Saturday, January 29, 2011

What to do with photos?

I'd recently decided to order prints of a smattering of my photos off the internet, after having not printed a thing for about five years. Literally. All these pictures floating around the internet, and on the computer. But none to hold. So after they all arrived in the mail (and what delight!), I wondered what to do with them all. At the time, I was winter cleaning, and trying to get rid of things, including an ugly Kandinsky print. I realised I could tape them all to the print, and voila! new wall art. Which is now serving as office cheer. The pictures are happy to be free and shared. They are all from trips which occurred last year. What a joy it's been to wander through all these places. I have been so spoiled.

Wednesday, January 26, 2011

Kindness -- Naomi Shihab Nye

Before you know what kindness really is
you must lose things,
feel the future dissolve in a moment
like salt in a weakened broth.
What you held in your hand,
what you counted and carefully saved,
all this must go so you know
how desolate the landscape can be
between the regions of kindness.
How you ride and ride
thinking the bus will never stop,
the passengers eating maize and chicken
will stare out the window forever.

Before you learn the tender gravity of kindness,
you must travel where the Indian in a white poncho
lies dead by the side of the road.
You must see how this could be you,
how he too was someone
who journeyed through the night with plans
and the simple breath that kept him alive.

Before you know kindness as the deepest thing inside,
you must know sorrow as the other deepest thing.
You must wake up with sorrow.
You must speak to it till your voice
catches the thread of all sorrows
and you see the size of the cloth.

Then it is only kindness that makes sense anymore,
only kindness that ties your shoes
and sends you out into the day to mail letters and
purchase bread,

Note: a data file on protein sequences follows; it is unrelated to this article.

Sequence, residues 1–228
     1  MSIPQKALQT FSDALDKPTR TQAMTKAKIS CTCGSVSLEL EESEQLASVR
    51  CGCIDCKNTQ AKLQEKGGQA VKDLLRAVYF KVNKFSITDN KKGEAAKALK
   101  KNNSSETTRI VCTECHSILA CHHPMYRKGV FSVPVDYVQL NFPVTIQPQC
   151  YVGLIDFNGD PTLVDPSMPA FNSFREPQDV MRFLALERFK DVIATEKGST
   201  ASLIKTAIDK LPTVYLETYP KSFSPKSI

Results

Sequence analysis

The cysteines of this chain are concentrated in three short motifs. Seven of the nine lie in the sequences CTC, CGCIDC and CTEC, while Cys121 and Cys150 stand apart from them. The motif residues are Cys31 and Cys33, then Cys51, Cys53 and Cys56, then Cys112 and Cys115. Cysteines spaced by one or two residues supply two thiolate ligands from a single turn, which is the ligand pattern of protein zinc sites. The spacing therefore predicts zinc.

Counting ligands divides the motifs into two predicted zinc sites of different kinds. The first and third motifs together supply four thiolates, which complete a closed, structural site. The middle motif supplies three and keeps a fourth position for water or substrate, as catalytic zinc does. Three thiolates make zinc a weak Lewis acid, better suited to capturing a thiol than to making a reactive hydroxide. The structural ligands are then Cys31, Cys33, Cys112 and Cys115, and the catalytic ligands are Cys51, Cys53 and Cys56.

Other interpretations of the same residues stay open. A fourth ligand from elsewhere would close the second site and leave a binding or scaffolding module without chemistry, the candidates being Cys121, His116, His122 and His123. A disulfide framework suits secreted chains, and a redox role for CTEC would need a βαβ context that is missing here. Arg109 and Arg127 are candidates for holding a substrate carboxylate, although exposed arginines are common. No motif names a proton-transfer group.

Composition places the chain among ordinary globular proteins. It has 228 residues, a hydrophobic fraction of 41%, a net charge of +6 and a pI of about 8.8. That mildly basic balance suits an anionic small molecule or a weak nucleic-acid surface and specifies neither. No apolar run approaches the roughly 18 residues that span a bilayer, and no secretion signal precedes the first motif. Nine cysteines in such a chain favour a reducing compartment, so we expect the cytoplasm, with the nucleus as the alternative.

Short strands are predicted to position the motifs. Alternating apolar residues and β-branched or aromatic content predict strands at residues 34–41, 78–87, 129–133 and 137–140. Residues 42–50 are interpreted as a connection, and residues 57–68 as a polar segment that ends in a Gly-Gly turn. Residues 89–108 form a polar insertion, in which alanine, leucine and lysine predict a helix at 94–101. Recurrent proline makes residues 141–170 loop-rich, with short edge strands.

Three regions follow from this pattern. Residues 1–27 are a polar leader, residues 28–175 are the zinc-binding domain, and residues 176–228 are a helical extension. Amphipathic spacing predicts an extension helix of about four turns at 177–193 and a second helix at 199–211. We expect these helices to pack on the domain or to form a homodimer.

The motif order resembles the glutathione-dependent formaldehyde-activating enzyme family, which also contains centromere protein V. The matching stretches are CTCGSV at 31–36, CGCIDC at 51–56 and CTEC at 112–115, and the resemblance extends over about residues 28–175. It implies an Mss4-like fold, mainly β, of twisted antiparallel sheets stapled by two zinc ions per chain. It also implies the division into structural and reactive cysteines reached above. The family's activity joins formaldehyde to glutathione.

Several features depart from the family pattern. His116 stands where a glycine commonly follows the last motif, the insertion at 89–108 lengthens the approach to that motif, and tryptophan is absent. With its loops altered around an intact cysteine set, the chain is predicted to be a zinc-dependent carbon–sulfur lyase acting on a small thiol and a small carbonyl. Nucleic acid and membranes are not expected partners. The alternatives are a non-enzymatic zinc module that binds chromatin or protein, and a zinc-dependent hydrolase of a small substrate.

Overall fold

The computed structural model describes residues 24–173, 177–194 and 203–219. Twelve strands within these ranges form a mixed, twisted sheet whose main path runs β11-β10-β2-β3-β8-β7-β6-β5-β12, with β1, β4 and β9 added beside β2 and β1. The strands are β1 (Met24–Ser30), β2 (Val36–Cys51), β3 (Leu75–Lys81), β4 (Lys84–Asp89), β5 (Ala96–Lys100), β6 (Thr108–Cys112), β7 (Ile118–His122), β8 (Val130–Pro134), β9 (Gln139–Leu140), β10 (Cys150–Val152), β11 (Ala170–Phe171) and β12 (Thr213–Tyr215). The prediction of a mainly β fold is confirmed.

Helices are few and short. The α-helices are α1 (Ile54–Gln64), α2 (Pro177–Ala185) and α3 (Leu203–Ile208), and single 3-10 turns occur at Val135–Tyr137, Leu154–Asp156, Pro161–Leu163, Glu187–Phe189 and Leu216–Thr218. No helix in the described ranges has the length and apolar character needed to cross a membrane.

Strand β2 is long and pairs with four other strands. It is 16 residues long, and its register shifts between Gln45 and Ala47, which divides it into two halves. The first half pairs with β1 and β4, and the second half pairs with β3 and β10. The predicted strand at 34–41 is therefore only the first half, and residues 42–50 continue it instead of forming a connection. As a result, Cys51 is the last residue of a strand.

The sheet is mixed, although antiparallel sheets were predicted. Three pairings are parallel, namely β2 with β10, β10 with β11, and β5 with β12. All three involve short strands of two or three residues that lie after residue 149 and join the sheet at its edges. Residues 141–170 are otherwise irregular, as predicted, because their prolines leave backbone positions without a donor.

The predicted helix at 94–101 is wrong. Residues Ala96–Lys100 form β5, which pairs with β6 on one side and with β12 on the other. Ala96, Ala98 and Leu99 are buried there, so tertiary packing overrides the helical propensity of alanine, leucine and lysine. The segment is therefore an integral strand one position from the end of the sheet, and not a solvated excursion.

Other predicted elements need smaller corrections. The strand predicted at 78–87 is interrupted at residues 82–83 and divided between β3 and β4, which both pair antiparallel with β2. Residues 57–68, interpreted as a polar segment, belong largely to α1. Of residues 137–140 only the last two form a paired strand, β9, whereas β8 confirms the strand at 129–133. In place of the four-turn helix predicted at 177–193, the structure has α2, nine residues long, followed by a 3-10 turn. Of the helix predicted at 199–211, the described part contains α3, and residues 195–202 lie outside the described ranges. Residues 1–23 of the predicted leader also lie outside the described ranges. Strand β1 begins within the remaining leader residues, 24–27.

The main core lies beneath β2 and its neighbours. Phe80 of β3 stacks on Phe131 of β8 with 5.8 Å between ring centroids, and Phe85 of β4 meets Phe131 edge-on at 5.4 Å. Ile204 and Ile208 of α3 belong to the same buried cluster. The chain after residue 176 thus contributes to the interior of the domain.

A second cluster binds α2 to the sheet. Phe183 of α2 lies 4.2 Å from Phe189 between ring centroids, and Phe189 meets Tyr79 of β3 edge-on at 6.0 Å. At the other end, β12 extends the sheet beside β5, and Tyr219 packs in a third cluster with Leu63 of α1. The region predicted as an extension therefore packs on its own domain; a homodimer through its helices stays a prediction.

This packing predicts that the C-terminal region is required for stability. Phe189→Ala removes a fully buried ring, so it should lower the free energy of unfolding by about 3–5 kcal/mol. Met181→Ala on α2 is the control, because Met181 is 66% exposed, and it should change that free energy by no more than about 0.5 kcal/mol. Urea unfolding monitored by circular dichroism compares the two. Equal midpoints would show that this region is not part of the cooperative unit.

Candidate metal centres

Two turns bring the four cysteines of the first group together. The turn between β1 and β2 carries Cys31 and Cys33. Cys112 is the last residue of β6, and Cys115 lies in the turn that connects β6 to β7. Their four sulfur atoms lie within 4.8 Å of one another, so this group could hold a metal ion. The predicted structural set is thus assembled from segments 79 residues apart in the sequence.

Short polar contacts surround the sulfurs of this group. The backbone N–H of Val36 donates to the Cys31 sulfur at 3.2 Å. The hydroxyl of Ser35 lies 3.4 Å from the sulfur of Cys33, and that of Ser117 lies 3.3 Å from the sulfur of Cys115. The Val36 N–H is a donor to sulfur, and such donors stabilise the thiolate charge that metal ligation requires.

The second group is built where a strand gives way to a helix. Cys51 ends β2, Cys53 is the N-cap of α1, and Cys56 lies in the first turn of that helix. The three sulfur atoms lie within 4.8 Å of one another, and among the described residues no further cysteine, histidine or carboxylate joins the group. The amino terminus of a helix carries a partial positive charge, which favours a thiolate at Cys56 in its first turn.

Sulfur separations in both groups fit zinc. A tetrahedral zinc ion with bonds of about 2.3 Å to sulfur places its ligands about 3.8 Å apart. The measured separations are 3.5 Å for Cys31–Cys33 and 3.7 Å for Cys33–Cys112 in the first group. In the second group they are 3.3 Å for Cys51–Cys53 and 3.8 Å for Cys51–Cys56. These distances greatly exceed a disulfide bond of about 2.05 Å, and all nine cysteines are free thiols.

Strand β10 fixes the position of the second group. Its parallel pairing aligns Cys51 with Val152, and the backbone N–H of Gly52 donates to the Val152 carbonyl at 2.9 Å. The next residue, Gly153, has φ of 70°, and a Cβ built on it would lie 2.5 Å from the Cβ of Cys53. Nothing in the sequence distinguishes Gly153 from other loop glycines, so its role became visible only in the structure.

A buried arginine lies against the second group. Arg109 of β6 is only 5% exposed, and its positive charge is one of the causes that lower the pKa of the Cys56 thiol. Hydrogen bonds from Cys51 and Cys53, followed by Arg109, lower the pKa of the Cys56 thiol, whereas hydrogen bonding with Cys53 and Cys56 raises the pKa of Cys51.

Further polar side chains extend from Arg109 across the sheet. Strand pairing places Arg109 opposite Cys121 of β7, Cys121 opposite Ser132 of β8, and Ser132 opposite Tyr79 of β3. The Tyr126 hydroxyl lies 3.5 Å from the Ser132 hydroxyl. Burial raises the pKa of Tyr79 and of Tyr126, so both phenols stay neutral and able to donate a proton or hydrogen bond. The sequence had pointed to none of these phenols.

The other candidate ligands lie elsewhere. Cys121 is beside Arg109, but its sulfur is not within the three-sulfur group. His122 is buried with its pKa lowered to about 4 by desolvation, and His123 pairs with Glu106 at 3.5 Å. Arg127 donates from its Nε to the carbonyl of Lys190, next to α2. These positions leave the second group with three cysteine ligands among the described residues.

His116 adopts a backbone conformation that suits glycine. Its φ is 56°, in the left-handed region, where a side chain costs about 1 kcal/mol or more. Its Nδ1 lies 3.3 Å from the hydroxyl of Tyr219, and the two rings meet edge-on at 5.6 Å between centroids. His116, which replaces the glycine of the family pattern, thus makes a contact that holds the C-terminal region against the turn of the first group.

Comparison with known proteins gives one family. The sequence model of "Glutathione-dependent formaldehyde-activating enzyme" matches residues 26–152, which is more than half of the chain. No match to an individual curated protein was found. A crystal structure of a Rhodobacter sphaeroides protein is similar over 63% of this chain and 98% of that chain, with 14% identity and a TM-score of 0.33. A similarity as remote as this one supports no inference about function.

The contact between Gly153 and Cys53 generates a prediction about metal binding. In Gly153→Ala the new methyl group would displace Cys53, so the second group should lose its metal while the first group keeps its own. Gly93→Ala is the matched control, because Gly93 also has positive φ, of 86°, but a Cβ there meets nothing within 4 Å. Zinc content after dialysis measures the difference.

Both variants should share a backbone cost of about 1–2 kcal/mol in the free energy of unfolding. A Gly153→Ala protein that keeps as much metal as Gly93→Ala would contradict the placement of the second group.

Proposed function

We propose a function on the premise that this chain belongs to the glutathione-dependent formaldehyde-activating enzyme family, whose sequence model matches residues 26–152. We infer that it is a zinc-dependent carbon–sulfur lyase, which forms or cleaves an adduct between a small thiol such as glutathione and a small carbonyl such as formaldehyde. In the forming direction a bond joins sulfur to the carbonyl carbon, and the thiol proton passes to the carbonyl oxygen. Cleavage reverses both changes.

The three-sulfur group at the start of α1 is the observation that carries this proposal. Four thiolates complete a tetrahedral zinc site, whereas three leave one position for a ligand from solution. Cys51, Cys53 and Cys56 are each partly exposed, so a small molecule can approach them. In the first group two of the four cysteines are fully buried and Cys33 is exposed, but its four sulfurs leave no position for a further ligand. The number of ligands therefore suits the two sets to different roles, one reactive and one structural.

only kindness that raises its head
from the crowd of the world to say
it is I you have been looking for,
and then goes with you everywhere
like a shadow or a friend.

Tuesday, January 25, 2011

Boxes and life

Why do you want to persecute yourself with the question of where everything comes from and where it is headed? You do know that you are in a period of transition and wish for nothing as much as to transform yourself.  -Rilke
What is it about life that makes us want to know the answers to the past and the future? The way we live, the questions asked day to day lead me to peer down separate roads, wondering which to follow, and where I will end up. But I cannot know. And I don't want to know. It's sort of circular thinking.
In a way, we are boxed in to the moment that is now. The past and future linger around, but they cannot be seen. Pehaps sensed in a way, but not solid. I have a love hate relationship with this.

Sunday, January 23, 2011

Life's load

"It's not the load that breaks you down, it's the way you carry it."  -Lena Horne

Thursday, January 20, 2011

Leaving Lisbon

I walked out early Monday morning, headed for the bus stop, looking for a post office and coffee shop. Both of which I found. Workday mornings are my favorite in foreign cities, watching the residents in a flurry of energy as they begin their day. Especially on Mondays, when everyone is regenerated from the weekend. It's my favorite way and day to leave town.